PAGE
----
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CID 2017

Sweat, cheers, and tears. Three out of the three were experienced by ISP delegates attending last week’s Cumbre Intercolegial por la Democracia (CID), a debate hosted by the Metropolitan School of Panama. Delegates from all around the country argued about diverse topics, defending the countries assigned to them. The four committees consisted of diverse and controversial topics such as black market arms trading, sexual health and sex ed in Panama, territorial controversies, and Manuel Noriega and the United States invasion. Delegates worked with and against each other to resolve problems and establish solutions, and each committee had very successful turnouts.

Something particularly interesting about the conference itself was the diversity within the delegates. For starters, nationality. Present were people from Panama, Venezuela, Colombia, India, and many more countries. This added a certain flavor to the debate seeing as each delegate had their own, unique style of defending their ideas. Besides nationality, there was an impressive range of ages between them. My committee, DISEC, had a 12 year old boy from The Oxford School as our youngest delegate, and an 18 year old girl from the International School of Panama. Age, however, had nothing to do with a delegate’s performance. In fact, at times you witnessed the younger students taking the lead. 

Committee sizes ranged anywhere from about 20 to three dozen delegates. Each committee had one or two oral recognitions. These were delegates that were considered for physical awards, but were unable to fully surpass their competitors. Nonetheless, it’s a position that carries value; an achievement that a delegate should be proud of getting. From the DISEC committee, Maya Livne acquired this recognition. Next, honorable mention is awarded. This certificate is given to the first and second runner ups. From ISP, I, Aryan Rakhyani, earned this title. Lastly, best delegate. A best delegate is he/she who is able to most effectively argue and defend their point. Not only that, but the delegate is able to persuade other delegates to join their side. Being the highest possible award in this conference, a best delegate is given a certificate and a gavel with their name and committee on it. Earning this award, ISP’s Mark Rauschkolb was able stand out, getting recognition from his chairs and his fellow delegates. 

All in all, this was a very fruitful debate with intense interactions and conversations between delegates. Though they were faced with some drawbacks and challenges, MET was successful in conducting their second ever conference.

A special thank you to Aryan Rakhyani for writing this article.

Thank You From High School

Thank you to everyone, students, parents, faculty, and staff for making the 2016-2017 school year a successful year at ISP. What metrics do I use to qualify this year as successful? First, we need to look at the senior class and the way they carried themselves as a class throughout the year. From the beginning assembly through graduation, it was easy to see they were a close group who cared about each other. Their caring translated into support for one another, leading to greater individual success and university acceptances. The members of the class of 2017 were models in the classroom and in activities.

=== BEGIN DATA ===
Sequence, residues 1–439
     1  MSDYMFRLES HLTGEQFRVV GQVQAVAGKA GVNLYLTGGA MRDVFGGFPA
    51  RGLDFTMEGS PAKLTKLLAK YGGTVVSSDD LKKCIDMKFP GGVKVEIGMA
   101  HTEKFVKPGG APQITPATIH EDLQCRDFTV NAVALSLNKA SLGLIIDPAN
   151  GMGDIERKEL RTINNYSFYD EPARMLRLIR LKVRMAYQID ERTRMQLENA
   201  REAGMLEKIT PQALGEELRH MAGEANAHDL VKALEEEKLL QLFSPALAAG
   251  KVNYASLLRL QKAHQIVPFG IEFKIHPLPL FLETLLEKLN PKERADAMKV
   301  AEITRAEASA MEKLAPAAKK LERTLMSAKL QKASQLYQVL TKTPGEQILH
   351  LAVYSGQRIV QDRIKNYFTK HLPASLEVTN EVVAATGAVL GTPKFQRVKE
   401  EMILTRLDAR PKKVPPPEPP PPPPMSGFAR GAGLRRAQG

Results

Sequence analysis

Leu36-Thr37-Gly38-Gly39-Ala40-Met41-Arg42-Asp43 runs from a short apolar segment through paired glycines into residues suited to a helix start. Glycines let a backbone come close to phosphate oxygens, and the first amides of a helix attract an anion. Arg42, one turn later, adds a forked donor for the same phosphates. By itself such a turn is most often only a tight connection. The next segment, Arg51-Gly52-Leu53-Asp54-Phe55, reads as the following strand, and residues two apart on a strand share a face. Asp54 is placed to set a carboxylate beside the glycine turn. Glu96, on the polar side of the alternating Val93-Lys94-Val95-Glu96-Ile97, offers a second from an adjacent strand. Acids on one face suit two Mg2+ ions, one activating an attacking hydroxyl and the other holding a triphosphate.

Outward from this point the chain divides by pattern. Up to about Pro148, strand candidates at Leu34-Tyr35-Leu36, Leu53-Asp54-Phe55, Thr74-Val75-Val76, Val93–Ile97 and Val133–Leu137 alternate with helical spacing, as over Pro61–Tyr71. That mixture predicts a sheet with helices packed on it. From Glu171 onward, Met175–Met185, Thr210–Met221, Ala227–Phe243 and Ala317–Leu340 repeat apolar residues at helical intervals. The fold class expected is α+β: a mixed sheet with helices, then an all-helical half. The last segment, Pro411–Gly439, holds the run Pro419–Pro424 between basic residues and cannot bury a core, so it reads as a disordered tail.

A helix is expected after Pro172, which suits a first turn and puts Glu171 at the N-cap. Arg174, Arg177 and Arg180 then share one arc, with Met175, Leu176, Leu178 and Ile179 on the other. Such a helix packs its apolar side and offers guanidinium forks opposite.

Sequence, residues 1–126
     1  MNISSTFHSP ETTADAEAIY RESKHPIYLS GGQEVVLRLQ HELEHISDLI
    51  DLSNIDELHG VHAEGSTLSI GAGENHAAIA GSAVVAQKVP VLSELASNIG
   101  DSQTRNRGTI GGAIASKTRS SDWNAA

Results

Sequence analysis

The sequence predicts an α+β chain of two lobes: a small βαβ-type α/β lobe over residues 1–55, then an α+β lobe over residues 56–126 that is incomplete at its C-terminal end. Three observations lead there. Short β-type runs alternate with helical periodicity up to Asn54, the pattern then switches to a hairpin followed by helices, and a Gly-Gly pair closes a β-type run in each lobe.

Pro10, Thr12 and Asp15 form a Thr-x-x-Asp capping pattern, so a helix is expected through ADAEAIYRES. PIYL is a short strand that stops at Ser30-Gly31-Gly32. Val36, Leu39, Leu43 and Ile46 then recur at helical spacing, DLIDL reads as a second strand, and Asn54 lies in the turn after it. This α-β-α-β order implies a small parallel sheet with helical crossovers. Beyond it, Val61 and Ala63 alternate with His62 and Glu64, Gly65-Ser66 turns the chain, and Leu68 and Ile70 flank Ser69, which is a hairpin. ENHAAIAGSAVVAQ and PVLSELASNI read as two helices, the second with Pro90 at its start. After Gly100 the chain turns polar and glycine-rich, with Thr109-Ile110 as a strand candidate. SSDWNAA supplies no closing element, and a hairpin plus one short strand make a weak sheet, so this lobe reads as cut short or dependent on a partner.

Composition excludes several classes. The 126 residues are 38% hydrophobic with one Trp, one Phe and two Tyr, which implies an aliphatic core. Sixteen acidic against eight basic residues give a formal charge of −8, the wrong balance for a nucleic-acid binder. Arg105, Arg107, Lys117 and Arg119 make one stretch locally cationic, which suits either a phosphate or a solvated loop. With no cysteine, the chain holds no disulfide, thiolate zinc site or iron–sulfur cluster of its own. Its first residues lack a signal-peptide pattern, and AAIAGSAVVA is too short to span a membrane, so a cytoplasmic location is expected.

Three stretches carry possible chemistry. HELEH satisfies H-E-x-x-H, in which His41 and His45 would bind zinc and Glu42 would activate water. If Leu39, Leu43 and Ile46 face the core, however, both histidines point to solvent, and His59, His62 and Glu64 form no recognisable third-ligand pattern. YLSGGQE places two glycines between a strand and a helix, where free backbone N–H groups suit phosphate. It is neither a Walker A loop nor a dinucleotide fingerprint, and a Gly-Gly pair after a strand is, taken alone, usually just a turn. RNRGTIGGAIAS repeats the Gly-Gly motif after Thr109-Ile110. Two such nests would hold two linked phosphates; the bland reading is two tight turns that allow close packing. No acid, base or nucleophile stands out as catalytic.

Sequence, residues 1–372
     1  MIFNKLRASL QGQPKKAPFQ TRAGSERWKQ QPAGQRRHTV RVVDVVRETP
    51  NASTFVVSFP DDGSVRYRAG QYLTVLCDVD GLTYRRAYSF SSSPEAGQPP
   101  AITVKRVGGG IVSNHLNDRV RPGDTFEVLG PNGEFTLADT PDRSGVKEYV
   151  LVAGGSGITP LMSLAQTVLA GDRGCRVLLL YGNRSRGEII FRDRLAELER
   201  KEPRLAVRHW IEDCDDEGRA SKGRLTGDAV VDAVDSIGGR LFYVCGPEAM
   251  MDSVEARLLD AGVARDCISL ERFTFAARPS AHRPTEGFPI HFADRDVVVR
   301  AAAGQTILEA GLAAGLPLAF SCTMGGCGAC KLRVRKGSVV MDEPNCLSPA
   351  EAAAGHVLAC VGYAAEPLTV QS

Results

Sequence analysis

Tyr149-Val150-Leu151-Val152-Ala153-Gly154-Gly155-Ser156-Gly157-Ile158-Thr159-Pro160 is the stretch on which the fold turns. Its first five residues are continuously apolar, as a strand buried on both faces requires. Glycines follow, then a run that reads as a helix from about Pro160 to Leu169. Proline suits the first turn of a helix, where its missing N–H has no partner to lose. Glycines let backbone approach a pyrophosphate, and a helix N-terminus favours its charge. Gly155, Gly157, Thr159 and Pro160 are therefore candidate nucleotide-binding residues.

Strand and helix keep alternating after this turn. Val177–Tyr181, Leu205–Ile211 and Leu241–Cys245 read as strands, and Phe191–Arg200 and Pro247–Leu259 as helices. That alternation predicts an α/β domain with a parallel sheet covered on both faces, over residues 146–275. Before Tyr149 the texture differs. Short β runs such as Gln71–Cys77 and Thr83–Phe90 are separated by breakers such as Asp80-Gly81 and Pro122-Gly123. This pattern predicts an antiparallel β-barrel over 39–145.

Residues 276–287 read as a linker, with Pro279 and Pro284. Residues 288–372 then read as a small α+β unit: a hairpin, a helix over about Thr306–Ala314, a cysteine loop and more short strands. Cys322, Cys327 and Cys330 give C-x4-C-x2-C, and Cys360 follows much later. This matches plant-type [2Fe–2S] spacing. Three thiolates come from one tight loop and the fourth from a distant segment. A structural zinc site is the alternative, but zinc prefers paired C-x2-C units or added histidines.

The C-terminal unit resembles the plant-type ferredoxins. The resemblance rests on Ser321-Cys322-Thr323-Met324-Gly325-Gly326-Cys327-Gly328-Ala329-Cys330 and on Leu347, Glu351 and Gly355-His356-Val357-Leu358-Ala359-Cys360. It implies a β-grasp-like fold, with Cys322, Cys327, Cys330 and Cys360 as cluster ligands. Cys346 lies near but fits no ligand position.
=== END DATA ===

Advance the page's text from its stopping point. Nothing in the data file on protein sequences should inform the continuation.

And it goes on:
The successful year is also measured by the accomplishments of students across all grade levels in co-curricular activities. Record success was experienced by ISP students in AASCA and local Panamanian events. High placing is the result of dedication and hard work. Our students have displayed the level of commitment that is required to become a champion and they were rewarded by being champions. Just as important, our students represented ISP with the character we would expect. Sportsmanship cannot be lost in pursuit of a title. We can be proud of the character ISP students display during competitions.

This year has also been successful because of the respect shown by students to their teachers and peers. Success in life will be measured by how well you treat the people around you. We have a number of students and teachers leaving ISP this year, which is common for an international school. It has been wonderful to watch how the students have shown respect for those departing from our community. We are all impacted by people who come and go during our lives. As a community, ISP is stronger because of these students and faculty and their time at our school. We wish them well on their next adventure, and thank them for what they have contributed to ISP. It was great on the last day to see the warmth shown to these departing members of our community by the larger community. Students are amazing! It is great to see the bonds they have formed and the friendships they have developed. The appreciation and respect that has been prevalent these last few weeks is another measure of our overall success.

Thank you to everyone for helping ISP develop global citizens who have and show compassion for one another. We all can be proud of our success!

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